Saturday, January 22, 2011

Univox Guitars

The Unicord Corporation manufactured electronic transformers. In the early 1960’s when everyone wanted an electric guitar and amplifier, Unicord acquired a Westbury, New York firm called Amplifier Corporation of America. Unicord began production of the Univox amplifiers shortly thereafter.

About the same time frame that CBS acquired Fender Guitars and Amplifiers, Gulf and Western purchased Unicord and were now in the profitable guitar business. The year was 1967. By 1968 Gulf and Western added guitars to their the product line.

This was accomplished due to a merger with a Westbury New York company called Merson Musical Products. Merson was a guitar importer and distributor. They distributed Hagstrom guitars from Sweden, Giannini guitars from Brazil and a cheap brand of acoustic guitar called Tempo. Unicord and Merson parted ways in 1975 and outsourced manufacturing to Japan at the Matsumoku factory.

I have previously discussed the Matsumoku company's importance in the world of imported guitars. Matsumoku was a furniture company started around 1900. In the 1920's they built sewing cabinets for Singer Sewing machine and later built affordable guitars under different labels for export.

Unicord continued using the Univox name on guitars until sometime in 1978 though guitars were still in production. In 1982 production in Japan ceased when a fire occurred at the main factory.

The manufacturing responsibility shifted to Korea. The Korean instruments were sold under the Westbury name until the Unicord Company was acquired by the Japanese firm the Korg Company in 1985.

Many Univox guitars were copies of American made instruments such as Fender, Gibson, Ampeg (the Lucite Dan Armstrong model), Guild, Rickenbacker and Mosrite.

The most famous of Univox guitars was probably the Mosrite look-a-like known as the Hi-Flier. It is a shame that Mr. Mosley’s instrument was chosen and he received only a nod of recognition.

Semie Mosley was an outstanding luthier and guitar designer, but he was not a good businessman. Subsequently he was taken advantage of and did not have money to hire attorneys to sue for patent infringement.

The Hi-Flier was a copy of the Mosrite Ventures model and appeared around 1968. Like the original it had 22 frets on a rosewood fretboard, a white pick guard with a single volume and a single tone control and a three-way toggle switch. The neck was bolt-on style, which differed from the original. The first models feature a white truss rod cover. The later ones looked more like the real thing.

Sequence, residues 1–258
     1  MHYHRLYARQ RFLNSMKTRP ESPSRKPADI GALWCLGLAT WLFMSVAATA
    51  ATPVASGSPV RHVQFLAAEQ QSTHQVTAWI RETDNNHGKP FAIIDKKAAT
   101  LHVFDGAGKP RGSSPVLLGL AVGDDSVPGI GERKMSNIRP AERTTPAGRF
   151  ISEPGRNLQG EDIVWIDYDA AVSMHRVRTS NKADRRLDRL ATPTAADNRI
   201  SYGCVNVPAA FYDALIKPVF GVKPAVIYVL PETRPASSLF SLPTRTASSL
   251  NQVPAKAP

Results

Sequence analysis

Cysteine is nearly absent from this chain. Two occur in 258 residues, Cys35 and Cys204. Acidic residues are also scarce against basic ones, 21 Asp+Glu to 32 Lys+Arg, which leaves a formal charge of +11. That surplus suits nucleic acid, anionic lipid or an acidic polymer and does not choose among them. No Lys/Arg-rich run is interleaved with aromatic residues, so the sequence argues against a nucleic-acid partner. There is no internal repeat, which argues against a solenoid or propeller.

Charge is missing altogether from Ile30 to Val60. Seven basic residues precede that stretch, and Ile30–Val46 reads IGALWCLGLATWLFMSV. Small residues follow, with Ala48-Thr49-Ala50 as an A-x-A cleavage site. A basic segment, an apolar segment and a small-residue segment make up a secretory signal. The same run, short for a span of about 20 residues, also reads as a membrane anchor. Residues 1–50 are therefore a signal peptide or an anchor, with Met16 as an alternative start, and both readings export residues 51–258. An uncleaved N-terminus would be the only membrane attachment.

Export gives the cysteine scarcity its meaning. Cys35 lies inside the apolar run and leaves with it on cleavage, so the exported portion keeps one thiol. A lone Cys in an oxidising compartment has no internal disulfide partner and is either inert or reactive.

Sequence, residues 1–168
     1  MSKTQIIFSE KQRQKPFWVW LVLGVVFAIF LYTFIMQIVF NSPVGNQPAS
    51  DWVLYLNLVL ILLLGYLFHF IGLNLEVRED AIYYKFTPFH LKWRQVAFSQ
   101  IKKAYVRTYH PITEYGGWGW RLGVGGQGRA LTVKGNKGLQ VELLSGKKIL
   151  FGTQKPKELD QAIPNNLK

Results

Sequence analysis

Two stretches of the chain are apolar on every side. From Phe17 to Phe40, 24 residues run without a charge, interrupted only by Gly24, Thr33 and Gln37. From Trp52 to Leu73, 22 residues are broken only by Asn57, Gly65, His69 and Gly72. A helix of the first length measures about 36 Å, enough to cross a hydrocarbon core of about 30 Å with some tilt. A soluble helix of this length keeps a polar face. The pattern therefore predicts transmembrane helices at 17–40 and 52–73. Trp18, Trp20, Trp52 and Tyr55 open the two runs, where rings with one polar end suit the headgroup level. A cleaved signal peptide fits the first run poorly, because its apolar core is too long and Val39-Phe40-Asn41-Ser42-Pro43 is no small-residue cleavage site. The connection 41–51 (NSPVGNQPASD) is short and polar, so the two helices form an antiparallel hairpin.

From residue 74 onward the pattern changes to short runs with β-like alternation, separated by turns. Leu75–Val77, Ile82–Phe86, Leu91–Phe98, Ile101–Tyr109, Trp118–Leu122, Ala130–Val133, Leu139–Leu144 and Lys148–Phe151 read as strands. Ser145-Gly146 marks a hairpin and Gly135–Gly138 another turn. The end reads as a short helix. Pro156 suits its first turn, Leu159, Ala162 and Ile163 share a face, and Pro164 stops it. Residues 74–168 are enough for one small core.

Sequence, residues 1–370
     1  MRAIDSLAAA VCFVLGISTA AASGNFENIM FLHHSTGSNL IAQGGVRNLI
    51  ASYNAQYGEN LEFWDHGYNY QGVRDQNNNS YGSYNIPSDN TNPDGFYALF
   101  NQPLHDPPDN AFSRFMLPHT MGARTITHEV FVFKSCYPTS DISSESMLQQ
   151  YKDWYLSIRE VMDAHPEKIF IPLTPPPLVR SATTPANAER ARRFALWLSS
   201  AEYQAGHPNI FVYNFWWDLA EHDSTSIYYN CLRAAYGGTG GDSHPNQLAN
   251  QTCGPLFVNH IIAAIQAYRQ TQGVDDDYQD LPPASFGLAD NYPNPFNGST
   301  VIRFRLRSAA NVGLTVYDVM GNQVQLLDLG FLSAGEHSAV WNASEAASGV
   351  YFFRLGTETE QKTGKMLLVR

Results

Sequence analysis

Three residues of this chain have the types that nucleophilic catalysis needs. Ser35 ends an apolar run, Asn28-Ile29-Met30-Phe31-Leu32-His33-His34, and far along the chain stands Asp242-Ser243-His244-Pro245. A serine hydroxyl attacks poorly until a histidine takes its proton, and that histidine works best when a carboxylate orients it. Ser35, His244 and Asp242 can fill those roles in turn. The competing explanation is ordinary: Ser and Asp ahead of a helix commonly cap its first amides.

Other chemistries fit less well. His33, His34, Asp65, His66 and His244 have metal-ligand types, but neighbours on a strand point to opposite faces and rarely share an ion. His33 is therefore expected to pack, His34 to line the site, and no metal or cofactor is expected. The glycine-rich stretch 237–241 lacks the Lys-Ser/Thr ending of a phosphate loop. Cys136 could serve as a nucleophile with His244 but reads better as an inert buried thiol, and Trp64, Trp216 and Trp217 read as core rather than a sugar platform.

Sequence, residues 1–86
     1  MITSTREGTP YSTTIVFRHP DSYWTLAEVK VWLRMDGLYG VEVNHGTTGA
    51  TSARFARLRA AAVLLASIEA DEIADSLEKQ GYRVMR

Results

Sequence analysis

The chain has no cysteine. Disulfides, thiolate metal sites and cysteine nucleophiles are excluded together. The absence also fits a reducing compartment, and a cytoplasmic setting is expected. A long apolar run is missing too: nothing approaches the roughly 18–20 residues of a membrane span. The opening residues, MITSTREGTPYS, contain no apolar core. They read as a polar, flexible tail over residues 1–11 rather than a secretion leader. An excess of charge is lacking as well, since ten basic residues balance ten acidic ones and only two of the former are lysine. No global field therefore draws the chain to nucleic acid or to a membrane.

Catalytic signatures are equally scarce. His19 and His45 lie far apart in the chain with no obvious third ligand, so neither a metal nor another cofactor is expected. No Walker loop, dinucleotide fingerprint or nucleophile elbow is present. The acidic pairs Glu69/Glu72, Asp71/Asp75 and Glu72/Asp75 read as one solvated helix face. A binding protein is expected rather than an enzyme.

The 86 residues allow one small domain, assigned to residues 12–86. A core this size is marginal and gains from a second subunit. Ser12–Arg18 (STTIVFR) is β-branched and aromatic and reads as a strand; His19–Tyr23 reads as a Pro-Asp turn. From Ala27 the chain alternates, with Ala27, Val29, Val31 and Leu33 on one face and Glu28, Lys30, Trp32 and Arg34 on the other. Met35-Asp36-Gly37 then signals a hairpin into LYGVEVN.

The initial models of the Hi-Flier came with two P-90 style pickups encased in black and an adjustable bridge with a tremolo and came in various colours.

This guitar went through modifications through the years, such as the addition of humbucking pickups and a change in the headstock logo. Univox also manufactured a short-neck bass model. In 1969 similar Mosrite guitars were selling for $400-450 with the case extra. The Hi-Flier sold for only $82.50 plus the case. This was a big difference, especially to a kid starting out in a band.

Unicord/Univox was also known for their amplifiers which were built with tubes or solid state or even hybrid tube/solidstate. These amplifiers ranged from practice amps to 100 watt stacks.

These were not inferior amps, however due to Unicords lack of research and developement and reliance on copying other company’s amplifier designs, Univox amps developed a bad reputation.




Univox Stage Amp
The company attempted to mend this by adding a new brand called Stage. Whether the product was labeled Stage or Univox the only difference was the logo.

Univox also manufactured guitar effects, drum machines and imported electronic keyboards from accordion manufacturer Crucianelli of Italy.

There are a couple of interesting facts resulted from the sale of Unicord to Korg. Merson founder, Bernie Mersky quit after the Gulf and Western takeover.

His partner, Ernie Briefel went on to form Music Technologies, Inc., and, Music Industries Corporation, which was in business until recently as a music product importer and distributor.

Unicord was the original U.S. importer of Marshall Amplifiers and Korg synthesizers. Marshall amplifiers actually used Unicord manufactured transformers in some of their models. The relationship with Korg was probably what prompted the acquisition. Korg's USA division then became the US distributor for Marshall.


In 1988 the Matsumoku factory in Japan was destroyed by fire which shut down manufacturing for good.





In 1992 Korg acquired the Vox musical instrument company from it’s parent Rose Morris Music of the U.K. and manufacturing shifted to the Far East.

This turned out to be not a bad thing, since Korgs research and development department has redesigned the AC30 to be as close to Tom Jennings original sound only using modern construction.

As of last year, 2010, Marshall ended its relationship with Korg USA and now distributes its own amplifiers.

Eastwood Guitars currently makes a copy of the Univox Hi-Flier, which I find quite ironic since it is a copy of a copy.








Monday, January 17, 2011

The Goya Rangemaster

I started playing guitar in 1964.  This was during Beatle- mania and the British Invasion.  By 1968, I wanted a brand new guitar.  What I really wanted was a 12-string guitar, but my Dad talked me out of that.  I spent hours shopping for guitars and one of the more unusual instruments I recall during those days was a Goya Rangemaster.